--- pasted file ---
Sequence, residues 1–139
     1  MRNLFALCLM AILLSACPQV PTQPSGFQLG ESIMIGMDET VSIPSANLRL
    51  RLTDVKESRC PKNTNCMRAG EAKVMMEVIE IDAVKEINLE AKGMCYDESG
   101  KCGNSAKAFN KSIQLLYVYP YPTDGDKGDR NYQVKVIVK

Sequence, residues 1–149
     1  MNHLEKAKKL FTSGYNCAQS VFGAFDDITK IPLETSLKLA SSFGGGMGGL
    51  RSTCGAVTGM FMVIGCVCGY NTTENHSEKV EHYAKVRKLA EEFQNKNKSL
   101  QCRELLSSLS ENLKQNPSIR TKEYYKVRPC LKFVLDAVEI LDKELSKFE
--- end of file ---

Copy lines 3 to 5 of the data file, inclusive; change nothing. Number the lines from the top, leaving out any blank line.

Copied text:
    51  RLTDVKESRC PKNTNCMRAG EAKVMMEVIE IDAVKEINLE AKGMCYDESG
   101  KCGNSAKAFN KSIQLLYVYP YPTDGDKGDR NYQVKVIVK

Sequence, residues 1–149